We hear a lot of grand rhetoric about free speech and freedom of the press in Australia, but in reality, we can be pretty rubbish at defending these basic liberties.
Quick to outrage, we confuse dissenting opinions with disloyalty to the nation, and abuse with freedom of speech.
Only a year ago, Tony Abbott was the media’s great defender, thundering about Julia Gillard’s ultimately doomed flirtation with media regulation.
”It is not, repeat not, the role of government to manage the day-to-day practices of journalism, to dictate who can and who can’t control Australian media outlets or to ‘score’ media coverage against unavoidably subjective standards of fairness,” he said.
”The job of government is to foster free speech, not stifle it.”
We in the media cheered, but on Wednesday, Abbott, a former journalist himself, sought to impose his own scorecard on the ABC. He sympathised when Sydney shock jock Ray Hadley complained that there was a double standard between the complaints levelled at Hadley’s on-air comments, and what the ABC broadcast.
Hadley, who described himself as ”a bit to the right”, grizzled that he kept getting ”belted over the head” by the government’s media regulator, the Australian Communications and Media Authority – incidentally, for broadcasting claims that were factually incorrect.
Meanwhile, Hadley griped, ABC journalists were ”left to their own devices”.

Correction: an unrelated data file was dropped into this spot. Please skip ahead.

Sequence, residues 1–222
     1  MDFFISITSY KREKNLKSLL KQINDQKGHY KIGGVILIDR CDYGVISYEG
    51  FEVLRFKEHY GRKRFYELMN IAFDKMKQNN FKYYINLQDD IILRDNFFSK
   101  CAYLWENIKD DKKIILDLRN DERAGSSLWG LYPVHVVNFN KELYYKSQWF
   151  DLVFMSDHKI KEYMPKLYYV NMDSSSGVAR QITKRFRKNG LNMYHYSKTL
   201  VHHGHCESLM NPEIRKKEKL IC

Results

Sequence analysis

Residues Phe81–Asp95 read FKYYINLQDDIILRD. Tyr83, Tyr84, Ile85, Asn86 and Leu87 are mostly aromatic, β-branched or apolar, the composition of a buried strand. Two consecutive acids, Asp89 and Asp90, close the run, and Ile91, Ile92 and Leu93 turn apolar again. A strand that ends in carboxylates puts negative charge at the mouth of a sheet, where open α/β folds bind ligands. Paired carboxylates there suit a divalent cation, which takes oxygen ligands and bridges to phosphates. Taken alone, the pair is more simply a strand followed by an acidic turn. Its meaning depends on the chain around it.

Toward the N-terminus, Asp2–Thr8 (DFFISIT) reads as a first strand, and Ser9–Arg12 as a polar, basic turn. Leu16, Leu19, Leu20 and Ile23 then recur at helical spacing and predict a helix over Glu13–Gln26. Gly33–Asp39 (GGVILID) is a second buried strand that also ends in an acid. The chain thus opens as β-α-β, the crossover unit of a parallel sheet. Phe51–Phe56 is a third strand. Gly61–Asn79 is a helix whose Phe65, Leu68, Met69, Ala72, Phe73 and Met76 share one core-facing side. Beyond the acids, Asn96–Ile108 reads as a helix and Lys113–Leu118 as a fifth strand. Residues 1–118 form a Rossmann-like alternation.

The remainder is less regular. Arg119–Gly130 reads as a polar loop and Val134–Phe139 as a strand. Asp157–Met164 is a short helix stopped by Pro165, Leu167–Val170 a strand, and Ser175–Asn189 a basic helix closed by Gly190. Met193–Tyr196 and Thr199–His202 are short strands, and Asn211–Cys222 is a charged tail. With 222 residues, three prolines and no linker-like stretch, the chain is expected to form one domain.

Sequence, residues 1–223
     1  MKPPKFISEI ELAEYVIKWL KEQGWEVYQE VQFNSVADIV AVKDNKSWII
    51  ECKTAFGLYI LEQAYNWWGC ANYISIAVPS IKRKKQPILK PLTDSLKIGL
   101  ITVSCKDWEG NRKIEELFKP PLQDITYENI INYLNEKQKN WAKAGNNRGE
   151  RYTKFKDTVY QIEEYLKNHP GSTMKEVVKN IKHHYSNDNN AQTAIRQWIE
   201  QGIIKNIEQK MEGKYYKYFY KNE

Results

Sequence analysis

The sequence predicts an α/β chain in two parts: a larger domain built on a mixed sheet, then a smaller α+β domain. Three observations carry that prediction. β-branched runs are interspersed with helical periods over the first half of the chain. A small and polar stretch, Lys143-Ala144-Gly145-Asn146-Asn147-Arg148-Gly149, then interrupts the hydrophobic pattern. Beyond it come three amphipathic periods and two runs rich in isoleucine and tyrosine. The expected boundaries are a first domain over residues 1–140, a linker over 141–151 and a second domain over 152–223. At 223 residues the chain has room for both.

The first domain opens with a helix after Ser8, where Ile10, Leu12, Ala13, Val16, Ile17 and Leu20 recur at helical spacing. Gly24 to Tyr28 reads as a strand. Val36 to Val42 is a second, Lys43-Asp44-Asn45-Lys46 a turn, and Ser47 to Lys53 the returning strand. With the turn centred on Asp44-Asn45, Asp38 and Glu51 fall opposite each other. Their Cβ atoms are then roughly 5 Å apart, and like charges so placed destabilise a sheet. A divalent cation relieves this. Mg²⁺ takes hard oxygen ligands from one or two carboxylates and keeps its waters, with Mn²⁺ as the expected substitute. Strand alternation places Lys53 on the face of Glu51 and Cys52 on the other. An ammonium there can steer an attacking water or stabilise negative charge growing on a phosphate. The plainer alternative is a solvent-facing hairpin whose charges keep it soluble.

”I can understand the frustration that you feel,” Abbott commiserated. ”I think that there is quite an issue of double standards … I think it dismays Australians when the national broadcaster appears to take everyone’s side but our own … You shouldn’t leap to be critical of your own country.”
As the Prime Minister knows full well, it’s not the ABC’s role to be a cheerleader for Australia’s national interest. It’s the organisation’s job to broadcast news in the public interest.
The next day, the Minister for Communications, Malcolm Turnbull, announced that the government would launch an ”efficiency study” of the ABC and SBS.
Turnbull assured there was ”no assault on the ABC” and the government’s terms of reference emphasise that the study is ”not a study of the quality of the national broadcaster’s programs, products and services”.
But the announcement of a cost-cutting review after an extraordinary attack by the Prime Minister on the ABC sent shudders through supporters of independent journalism. This was compounded by the news on the same day that The Global Mail financier Graeme Wood was withdrawing support for the publication.
Running battles against media reporting often take a pernicious path. Last week, over a series of days, I was accused in online forums of being a traitor to my country after reporting that Defence was investigating members who joined an online anti-Muslim group, the Australian Defence League.
Discussion quickly turned to how I would better understand the issues if I were raped, my daughter raped and my husband beheaded by Muslims.
It’s a dreary reflection of the nature of political debate these days that when a woman journalist writes or broadcasts something that someone, somewhere doesn’t like (surely the definition of journalism), some keyboard warrior throws the spectre of rape at her.
It’s a base method of trying to control women, but it’s a diversion: the goal is simply to shut down debate.
In no way am I suggesting the Prime Minister’s comments on the ABC are similar to the ravings of an online extremist group, but in a democracy like Australia, freedom of speech should involve having the maturity to debate ideas on merit, and defend the right of our media to air them, rather than resorting to appeals to patriotism or cheap abuse.
This story Administrator ready to work first appeared on Nanjing Night Net.